This article is part of the supplement: Selected articles from the XXV National Congress of the Italian Society of Geriatric Surgery

Open Access Research article

Comparative study between Levobupivacaine and Bupivacaine for hernia surgery in the elderly

Rita Compagna4*, Gabriele Vigliotti4, Guido Coretti4, Maurizio Amato4, Giovanni Aprea4, Alessandro Puzziello1, Carmelo Militello2, Fabrizio Iacono3, Domenico Prezioso3 and Bruno Amato4

Author affiliations

1 Endocrinosurgery Unit, Dept of Medical and Surgical Sciences, University Magna Graecia, Italy Catanzaro, Italy

2 Department of Surgical and Gastroenterological Sciences, University of Padua, Italy

3 Department of Urology, School of Medicine, University “Federico II” of Naples, Italy

4 Department of General, Geriatric, Oncologic Surgery and advanced technologies, University "Federico II" of Naples, Via Pansini 5 - 80131 - Naples, Italy

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Citation and License

BMC Surgery 2012, 12(Suppl 1):S12  doi:10.1186/1471-2482-12-S1-S12

Published: 15 November 2012



The inguinal hernia is one of the most common diseases in the elderly. Treatment of this type of pathology is exclusively surgical and relies almost always on the use of local anesthesia. While in the past hernia surgery was carried out mainly by general anesthesia, in recent years there has been growing emphasis on the role of local anesthesia.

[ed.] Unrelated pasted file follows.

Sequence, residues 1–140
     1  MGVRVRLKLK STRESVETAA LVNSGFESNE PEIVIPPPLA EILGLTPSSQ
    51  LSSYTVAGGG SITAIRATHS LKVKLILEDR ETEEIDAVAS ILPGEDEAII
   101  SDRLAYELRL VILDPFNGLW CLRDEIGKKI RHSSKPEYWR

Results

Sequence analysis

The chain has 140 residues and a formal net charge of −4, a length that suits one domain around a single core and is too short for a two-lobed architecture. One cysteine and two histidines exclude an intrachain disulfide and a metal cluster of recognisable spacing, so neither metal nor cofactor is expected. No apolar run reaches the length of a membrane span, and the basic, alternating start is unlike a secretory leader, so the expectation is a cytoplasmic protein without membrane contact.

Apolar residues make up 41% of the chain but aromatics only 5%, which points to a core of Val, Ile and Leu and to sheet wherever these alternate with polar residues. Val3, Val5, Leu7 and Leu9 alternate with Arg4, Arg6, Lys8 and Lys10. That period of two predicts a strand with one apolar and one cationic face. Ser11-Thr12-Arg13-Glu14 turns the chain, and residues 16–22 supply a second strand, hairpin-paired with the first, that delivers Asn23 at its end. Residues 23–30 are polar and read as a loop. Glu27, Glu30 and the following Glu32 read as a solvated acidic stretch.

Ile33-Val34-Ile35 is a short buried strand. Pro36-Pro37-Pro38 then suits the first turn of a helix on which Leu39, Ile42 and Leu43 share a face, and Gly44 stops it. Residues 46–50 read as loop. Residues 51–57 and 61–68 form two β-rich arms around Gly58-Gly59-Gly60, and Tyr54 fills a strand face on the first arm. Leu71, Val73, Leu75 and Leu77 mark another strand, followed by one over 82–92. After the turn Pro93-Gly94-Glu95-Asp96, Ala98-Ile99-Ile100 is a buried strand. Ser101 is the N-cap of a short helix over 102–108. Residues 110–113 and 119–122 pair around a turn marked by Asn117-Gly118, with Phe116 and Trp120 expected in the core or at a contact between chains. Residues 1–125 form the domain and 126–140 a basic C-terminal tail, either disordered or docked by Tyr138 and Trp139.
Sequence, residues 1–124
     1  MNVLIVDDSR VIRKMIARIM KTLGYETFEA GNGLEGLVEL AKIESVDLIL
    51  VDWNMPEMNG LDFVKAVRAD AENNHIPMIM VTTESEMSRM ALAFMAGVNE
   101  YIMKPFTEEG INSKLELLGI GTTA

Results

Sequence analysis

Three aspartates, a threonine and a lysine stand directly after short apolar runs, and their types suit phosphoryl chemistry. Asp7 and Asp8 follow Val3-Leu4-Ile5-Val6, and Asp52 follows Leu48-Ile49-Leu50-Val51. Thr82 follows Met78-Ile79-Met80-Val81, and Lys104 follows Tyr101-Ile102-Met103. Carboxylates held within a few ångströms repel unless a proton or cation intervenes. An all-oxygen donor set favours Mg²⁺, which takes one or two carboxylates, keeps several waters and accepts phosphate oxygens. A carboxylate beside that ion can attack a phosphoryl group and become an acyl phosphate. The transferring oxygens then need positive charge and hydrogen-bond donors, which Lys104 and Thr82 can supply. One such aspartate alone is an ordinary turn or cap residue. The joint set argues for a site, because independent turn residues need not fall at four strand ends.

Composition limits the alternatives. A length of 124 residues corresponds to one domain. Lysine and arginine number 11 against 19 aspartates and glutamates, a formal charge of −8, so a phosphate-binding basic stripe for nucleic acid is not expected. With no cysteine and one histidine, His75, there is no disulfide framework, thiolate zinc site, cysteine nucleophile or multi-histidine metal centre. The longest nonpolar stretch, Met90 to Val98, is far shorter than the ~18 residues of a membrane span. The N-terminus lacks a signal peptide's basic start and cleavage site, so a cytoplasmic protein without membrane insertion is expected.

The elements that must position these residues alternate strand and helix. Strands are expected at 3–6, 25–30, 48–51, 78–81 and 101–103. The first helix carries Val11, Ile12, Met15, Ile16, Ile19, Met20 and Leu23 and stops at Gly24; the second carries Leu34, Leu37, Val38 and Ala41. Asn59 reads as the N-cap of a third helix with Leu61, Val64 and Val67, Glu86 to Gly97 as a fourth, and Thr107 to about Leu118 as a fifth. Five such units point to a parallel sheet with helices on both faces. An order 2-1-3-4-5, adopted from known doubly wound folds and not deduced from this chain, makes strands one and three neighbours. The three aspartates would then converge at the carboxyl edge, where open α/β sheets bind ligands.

The aim of our study was to compare intra-and postoperative analgesia obtained by the use of levobupivacaine compared with that of bupivacaine. Bupivacaine is one of the main local anesthetics used in the intervention of inguinal hernioplasty. Levobupivacaine is an enantiomer of racemic bupivacaine with less cardiotoxicity and neurotoxicity. The study was conducted from April 2010 to May 2012. We collected data of forty male patients, aged between 73 and 85 years, who underwent inguinal hernioplasty with local anesthesia for the first time.


Minimal pain is the same in both groups. Mild pain was more frequent in the group who used bupivacaine, moderate pain was slightly more frequent in the group who used levobupivacaine, and the same for intense pain. It is therefore evident how Bupivacaine is slightly less preferred after four and twenty four hours, while the two drugs seem to have the same effect at a distance of twelve and forty-eight hours. Bupivacaine shows a significantly higher number of complications, as already demonstrated by previous studies. The request for an analgesic was slightly higher in patients receiving levobupivacaine.


After considering all these elements, we can conclude that the clinical efficacy of levobupivacaine and racemic bupivacaine are essentially similar, when used under local intervention of inguinal hernioplasty.